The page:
Pharrell Adidas EFI track jacket

ROOM FOR IMPROVEMENT: In the wake of a New York Times article that highlighted the lack of diversity at Adidas’ North American headquarters in Portland, Ore., the athletic company acknowledged “there is much more work to be done, and we are committed to doing it.”

The extensive article noted there are three black people among the roughly 340 Adidas vice presidents internationally. There are 75 black employees at Adidas’ 1,700-person head office in North America. Twenty current and former black employees said the corporate culture contradicts the brand’s image which is reliant on such high-profile personalities as Kanye West, Pharrell Williams and James Harden.

In a statement, Adidas said, “We are committed to fostering a respectful, equitable, and inclusive environment for all Adidas employees around the world. It’s crucial that we have and support a diverse workforce that represents a variety of ideas, strengths, interests and backgrounds and that we promote an open culture where all of our people can fully contribute. We value all of our employees, are stronger because of their unique perspectives and are dedicated to achieving greater diversity at every level of the company.”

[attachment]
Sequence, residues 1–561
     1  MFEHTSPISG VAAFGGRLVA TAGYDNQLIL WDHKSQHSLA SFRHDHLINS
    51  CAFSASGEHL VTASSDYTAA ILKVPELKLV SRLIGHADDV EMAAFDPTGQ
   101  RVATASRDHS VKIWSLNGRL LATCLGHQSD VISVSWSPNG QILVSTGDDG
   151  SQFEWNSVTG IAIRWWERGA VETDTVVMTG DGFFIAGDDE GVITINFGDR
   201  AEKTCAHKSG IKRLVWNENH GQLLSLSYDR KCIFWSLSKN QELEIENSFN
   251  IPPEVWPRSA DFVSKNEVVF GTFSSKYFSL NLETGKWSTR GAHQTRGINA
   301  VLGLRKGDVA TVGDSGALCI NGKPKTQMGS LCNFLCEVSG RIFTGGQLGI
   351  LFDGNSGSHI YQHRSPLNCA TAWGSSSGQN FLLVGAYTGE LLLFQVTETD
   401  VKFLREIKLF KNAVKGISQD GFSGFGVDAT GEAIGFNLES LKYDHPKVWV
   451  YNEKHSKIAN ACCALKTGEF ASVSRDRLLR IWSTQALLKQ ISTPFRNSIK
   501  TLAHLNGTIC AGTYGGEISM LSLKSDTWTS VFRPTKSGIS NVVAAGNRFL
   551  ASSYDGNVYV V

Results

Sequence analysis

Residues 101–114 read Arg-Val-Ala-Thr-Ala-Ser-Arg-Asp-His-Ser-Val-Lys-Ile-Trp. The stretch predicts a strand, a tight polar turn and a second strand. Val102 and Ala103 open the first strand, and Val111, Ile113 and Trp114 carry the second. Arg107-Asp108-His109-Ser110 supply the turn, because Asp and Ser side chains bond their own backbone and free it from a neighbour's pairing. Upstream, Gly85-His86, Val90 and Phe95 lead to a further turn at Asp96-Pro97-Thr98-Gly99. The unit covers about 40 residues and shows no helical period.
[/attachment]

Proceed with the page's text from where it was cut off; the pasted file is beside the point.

“We actively evaluate and seek to strengthen our programs and policies to ensure we are recruiting, retaining and advancing a diverse team. Recently, we have expanded our Diversity and Inclusion team in North America to focus on underrepresented communities in our workforce across the talent lifecycle; and we conduct ongoing workplace inclusion education and training for employees across North America. Our North American diversity strategy also includes programs to help bring new employees from diverse backgrounds to positions at the company’s corporate headquarters. While we have made progress in these areas, we recognize there is much more to be done, and we are committed to doing it.”

The Adidas spokeswoman declined to comment when asked if there was anything in the article that the company is challenging or disputing.

On another front, Harlem’s Fashion Row announced this morning that it has partnered with Nike for a three-day fashion retreat to support emerging designers of color. Scheduled for June 27-29 in New York, the event will welcome 75 designers of color from across the U.S. Dapper Dan, who has been integral in helping Gucci to repair its marketing image after racially sensitive incidents, will participate along with executives from Nike and Intermix, as well as other companies. Networking, how to build a successful brand, managing production, selecting a top stylist and getting influencers to notice your brand are among the topics to be discussed. The retreat will wrap up with a cocktail party at Gap’s headquarters.

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